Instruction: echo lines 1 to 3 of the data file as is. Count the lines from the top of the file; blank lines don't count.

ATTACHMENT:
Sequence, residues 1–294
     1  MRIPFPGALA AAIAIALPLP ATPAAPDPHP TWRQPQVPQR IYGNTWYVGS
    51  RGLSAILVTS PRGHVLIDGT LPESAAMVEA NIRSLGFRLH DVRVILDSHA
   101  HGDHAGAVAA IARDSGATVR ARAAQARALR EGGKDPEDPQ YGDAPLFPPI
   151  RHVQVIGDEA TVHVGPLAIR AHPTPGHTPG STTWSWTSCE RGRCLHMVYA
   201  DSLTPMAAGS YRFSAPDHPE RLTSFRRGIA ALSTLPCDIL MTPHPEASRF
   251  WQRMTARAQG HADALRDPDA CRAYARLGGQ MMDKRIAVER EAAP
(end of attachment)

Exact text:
Sequence, residues 1–294
     1  MRIPFPGALA AAIAIALPLP ATPAAPDPHP TWRQPQVPQR IYGNTWYVGS
    51  RGLSAILVTS PRGHVLIDGT LPESAAMVEA NIRSLGFRLH DVRVILDSHA